- Alleviate each other’s stress: Trouble at work, financial crises or family drama can all push a couple apart. Couples who can respond to each other’s stress in a way that is soothing rather than in a way that exacerbates it tend to be able to weather the tenser times.
What individuals do to improve the partnership:
- Think in terms of the team: Couples who switch over from figuring out what’s best for them as individuals to what’s best for them as a couple last longer. Additionally, says Ogolsky “spending your own time thinking about your relationship,” is a sign that it’s going to last longer. “It can be spending time thinking about partner, it can be reminiscing, it can be thinking about the things you’re going to do.”
- Are generous: An example of this would be “any random act of kindness toward your partner,” says Ogolsky. Such unasked-for gifts might be signs of affection or acts of service, like making the bed or washing up when it’s not your turn.
- Are grateful and show it: Gratitude — for relationship and for your partner — has been shown time and time again to help build a relationship. However, the partner has to recognize the gratitude.
- Pray for their partner: Yep, prayer. Several peer-reviewed studies published in respected journals suggest that praying for your partner makes relationships last. “The guys who are doing this work are pretty well-known in the relationship realm and are not at religious institutions,” says Ogolsky. “If you’ve had asked me what I thought about this five years ago, I would have said ‘ah no.’ This is not one of the things I would have ever thought would have been quite as robust as it is.” Apart from the supernatural explanation, prayer might work like mindfulness, or help the person doing the praying to think compassionately about their partner.
What couples do to improve the partnership:
- Keep lines of communication open: On a day-to-day basis, couples are making sure there are no barriers to each other. This usually means they’re “being positive, being open, providing partners with some assurance you’ll be around, splitting labor in the household and doing it together,” says Ogolsky. That’s right, folks, evenly dividing chores is a communication imperative.
- Talk about their relationship: Couples in it for the long haul periodically reflect on how their union is going. They discuss where they think they are, where they are going and what their issues are.
- Respond to each other: This is different from No. 13, in that couples don’t just make sure they can talk freely, but they actually engage with each other when the time comes. When someone wants to talk about their day, for example, you put down your personal communication device and listen.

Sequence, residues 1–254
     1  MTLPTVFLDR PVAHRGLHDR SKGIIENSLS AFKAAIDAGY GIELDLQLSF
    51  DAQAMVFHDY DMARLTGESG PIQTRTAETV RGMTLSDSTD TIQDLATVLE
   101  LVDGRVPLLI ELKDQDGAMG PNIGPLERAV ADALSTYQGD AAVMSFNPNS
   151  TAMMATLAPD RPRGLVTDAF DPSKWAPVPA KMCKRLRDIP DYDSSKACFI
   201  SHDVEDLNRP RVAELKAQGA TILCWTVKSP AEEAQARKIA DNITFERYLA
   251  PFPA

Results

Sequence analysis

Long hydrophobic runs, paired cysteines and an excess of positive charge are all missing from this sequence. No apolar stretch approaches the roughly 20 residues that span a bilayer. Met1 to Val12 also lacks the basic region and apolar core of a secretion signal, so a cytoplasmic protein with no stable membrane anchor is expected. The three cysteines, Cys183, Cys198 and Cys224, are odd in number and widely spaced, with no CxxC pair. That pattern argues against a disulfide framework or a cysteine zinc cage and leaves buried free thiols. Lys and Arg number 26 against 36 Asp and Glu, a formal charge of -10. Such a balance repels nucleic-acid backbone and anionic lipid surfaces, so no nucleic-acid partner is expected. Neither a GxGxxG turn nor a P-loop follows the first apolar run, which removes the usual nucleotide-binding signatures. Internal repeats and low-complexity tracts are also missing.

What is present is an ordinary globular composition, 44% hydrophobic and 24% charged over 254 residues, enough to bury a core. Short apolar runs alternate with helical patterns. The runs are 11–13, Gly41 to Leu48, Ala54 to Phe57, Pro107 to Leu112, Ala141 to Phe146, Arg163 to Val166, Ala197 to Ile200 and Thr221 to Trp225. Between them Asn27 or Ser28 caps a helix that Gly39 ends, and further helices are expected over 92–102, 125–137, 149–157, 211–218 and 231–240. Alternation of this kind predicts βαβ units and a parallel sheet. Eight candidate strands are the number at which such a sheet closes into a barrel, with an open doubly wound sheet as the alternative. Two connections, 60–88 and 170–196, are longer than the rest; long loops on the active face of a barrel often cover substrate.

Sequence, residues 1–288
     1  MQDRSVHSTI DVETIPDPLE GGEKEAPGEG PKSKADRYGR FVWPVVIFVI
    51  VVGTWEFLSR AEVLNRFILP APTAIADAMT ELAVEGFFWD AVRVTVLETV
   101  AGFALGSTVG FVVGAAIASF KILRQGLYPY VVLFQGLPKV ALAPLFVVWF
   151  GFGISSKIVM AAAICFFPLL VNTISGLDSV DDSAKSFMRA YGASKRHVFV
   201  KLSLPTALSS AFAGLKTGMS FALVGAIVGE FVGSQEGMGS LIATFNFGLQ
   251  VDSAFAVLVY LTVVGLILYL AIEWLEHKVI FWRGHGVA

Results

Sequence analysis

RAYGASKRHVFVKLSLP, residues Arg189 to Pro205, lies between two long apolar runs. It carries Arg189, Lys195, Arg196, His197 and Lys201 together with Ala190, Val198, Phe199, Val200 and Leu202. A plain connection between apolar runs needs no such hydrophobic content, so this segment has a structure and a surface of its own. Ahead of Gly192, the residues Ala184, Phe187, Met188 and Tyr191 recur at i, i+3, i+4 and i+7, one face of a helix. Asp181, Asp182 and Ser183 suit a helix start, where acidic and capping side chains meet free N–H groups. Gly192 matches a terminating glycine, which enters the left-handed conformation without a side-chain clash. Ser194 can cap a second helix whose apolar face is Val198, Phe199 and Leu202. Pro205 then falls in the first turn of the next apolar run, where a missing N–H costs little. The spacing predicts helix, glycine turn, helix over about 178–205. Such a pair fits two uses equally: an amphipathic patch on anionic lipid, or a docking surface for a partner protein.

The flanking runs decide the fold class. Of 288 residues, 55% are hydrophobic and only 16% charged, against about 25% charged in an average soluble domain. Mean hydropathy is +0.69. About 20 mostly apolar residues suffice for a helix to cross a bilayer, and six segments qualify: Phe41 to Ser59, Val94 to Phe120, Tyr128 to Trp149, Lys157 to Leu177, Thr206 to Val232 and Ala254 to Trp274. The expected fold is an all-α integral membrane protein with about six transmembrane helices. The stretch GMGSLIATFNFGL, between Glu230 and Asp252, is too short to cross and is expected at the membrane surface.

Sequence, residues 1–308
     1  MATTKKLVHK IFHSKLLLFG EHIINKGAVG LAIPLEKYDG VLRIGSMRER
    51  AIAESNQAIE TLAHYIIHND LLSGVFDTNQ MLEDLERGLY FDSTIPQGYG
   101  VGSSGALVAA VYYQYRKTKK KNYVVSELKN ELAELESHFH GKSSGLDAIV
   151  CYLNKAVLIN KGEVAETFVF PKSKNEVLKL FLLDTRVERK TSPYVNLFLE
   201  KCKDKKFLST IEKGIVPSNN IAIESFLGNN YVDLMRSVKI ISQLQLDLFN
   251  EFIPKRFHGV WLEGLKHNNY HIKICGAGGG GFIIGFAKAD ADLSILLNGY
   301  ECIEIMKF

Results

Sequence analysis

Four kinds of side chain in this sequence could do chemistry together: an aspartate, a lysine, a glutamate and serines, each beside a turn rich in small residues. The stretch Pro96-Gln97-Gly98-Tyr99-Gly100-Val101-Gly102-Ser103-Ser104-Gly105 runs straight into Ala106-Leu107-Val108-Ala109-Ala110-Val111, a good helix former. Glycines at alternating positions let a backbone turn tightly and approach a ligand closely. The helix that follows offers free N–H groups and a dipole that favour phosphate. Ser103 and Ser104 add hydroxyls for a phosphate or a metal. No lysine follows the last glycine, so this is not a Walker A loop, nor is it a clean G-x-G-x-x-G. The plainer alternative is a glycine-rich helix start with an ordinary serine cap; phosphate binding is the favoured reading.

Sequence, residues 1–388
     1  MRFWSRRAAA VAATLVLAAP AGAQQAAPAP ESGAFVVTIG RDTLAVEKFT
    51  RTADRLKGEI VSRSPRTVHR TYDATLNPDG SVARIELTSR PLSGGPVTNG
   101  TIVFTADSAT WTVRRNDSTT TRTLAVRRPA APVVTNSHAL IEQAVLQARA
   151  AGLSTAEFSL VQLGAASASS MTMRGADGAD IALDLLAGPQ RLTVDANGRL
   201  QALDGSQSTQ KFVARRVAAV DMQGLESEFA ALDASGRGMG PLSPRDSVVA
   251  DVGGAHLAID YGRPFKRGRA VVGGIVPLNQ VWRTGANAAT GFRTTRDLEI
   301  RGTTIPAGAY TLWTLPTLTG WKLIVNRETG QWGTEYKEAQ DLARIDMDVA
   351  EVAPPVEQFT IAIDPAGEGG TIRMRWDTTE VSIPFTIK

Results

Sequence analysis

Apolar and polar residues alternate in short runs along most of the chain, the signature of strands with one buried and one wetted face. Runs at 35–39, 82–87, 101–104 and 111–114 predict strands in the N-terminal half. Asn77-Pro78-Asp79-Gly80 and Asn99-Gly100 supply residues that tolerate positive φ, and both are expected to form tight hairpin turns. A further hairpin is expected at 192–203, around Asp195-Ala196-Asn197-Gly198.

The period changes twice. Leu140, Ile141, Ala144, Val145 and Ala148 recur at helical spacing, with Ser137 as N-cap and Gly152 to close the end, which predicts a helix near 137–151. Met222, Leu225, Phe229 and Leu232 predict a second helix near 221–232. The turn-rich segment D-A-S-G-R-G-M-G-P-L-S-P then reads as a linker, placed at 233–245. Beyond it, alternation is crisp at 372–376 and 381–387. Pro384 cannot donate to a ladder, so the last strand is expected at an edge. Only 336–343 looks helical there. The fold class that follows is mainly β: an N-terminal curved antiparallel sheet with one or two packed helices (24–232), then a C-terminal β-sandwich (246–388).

- Use humor: People who are funny in the right way can keep their relationship going. “It’s not about a funniness gradient,” says Ogolsky, “but whether or not that’s one of the tools in your tool bag that you pull out typically during stress. Those who demonstrate humor have a way of defusing the situation and making it easier to handle.” However, negative humor like sarcasm and mocking can be detrimental to the relationship.
- Do fun things together: An oldie but a goodie. “Engaging in leisure activities with a partner is theorized to increase communication, define roles, and increase marital satisfaction when leisure satisfaction is high or when partners are positive and have strong social skills,” says the study. A good time with your partner often leads to more togetherness.
Ogolsky stresses that his findings are descriptive, not prescriptive. He sees his paper as a research tool rather than a blueprint for success. That’s at least partly because many of these studies were conducted using college students as the participants — and they are not perhaps the finest avatars of functioning relationships.
On the other hand, since this is what has worked for other people in more than a thousand studies, it might work for you.
- Taylor Swift Is TIME's 2023 Person of the Year
- Meet the Nation Builders
- Why Cell Phone Reception Is Getting Worse
- Column: It's Time to Scrap the Abraham Accords
- Israeli Family Celebrates Release of Hostage Grandmother
- In a New Movie, Beyoncé Finds Freedom
- The Top 100 Photos of 2023
- Want Weekly Recs on What to Watch, Read, and More? Sign Up for Worth Your Time